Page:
• State and foreign operations: $ 55.5 billion, including $ 8 billion from OCO funds, an increase of $ 820 million; and
  • Transport-HUD: $ 75.4 billion, an increase of $ 1.1 billion.

Spending limits: The omnibus includes $ 3.1 billion in emergency funds for the operations of agencies affected by the coronavirus pandemic, according to a summary from House Democratic. That falls short of the House Democrats’ initial proposal for $ 234.9 billion in exempt cap funds largely linked to the coronavirus.

The $ 12.5 billion bill for the VA MISSION Act (Public law 115-182) also falls within the spending limits prescribed by law. Senate Republicans had joined Democrats in calling for a cap exemption for those funds, but House Republicans opposed the move. The 2018 law aims to give veterans greater flexibility in seeking care outside the Department of Veterans Affairs system, but it also shifted some funds from the mandatory side of the ledger to the discretionary side, meaning that the cost should be offset by reductions elsewhere without a cap exemption.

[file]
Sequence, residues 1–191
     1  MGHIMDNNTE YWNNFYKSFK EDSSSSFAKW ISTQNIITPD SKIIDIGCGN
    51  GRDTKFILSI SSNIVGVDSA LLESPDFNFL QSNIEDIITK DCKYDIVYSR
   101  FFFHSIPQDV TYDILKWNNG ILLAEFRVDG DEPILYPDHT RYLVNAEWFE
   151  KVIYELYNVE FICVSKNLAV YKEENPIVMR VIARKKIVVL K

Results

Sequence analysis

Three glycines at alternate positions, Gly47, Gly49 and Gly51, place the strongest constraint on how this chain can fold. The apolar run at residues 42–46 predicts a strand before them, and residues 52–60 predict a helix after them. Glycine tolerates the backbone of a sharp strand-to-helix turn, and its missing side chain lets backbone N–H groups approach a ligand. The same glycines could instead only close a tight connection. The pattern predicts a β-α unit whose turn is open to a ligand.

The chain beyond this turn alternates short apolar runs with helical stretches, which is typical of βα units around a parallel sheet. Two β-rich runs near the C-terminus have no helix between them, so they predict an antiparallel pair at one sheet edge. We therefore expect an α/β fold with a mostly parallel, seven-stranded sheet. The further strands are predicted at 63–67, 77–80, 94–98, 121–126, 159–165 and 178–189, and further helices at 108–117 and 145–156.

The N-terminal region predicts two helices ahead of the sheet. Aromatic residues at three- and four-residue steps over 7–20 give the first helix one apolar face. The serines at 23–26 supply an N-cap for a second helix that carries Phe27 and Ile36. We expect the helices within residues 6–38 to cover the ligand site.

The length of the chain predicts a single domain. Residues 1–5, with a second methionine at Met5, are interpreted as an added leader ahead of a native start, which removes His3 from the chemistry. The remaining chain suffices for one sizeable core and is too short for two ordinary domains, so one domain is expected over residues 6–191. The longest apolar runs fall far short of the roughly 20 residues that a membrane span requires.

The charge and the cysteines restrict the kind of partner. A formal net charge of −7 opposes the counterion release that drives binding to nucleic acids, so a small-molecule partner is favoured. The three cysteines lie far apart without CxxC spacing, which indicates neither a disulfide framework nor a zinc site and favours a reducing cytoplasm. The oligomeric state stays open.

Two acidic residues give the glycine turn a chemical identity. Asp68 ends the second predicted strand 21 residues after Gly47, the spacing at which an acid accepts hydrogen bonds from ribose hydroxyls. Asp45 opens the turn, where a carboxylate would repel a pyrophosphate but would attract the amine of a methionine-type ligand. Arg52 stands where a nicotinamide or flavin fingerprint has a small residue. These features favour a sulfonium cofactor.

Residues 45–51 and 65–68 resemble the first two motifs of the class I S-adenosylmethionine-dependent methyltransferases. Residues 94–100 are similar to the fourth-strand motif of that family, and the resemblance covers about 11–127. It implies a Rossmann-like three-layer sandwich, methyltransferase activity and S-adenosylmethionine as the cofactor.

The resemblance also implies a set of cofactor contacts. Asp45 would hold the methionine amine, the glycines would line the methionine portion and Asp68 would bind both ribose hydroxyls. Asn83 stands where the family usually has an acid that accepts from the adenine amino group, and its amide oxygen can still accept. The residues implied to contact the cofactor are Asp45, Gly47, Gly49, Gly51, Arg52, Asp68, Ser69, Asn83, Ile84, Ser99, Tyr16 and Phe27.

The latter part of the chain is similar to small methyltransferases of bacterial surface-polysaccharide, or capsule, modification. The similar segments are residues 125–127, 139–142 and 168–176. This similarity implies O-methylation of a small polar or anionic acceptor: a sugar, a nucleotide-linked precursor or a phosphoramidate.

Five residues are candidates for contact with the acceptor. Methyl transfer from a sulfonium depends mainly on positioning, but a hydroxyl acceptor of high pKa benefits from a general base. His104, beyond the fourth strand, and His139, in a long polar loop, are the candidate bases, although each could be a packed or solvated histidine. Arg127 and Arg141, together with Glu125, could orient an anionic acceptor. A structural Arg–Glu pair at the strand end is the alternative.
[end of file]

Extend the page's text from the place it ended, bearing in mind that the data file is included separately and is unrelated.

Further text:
Other provisions

National strategic stock: The Work-HHS-Education section of the bill calls on officials to provide monthly reports to homeowners on the national strategic stockpile inventory of personal protective equipment and ventilators. The bill would provide $ 705 million for the stock, equal to the FY2020 level.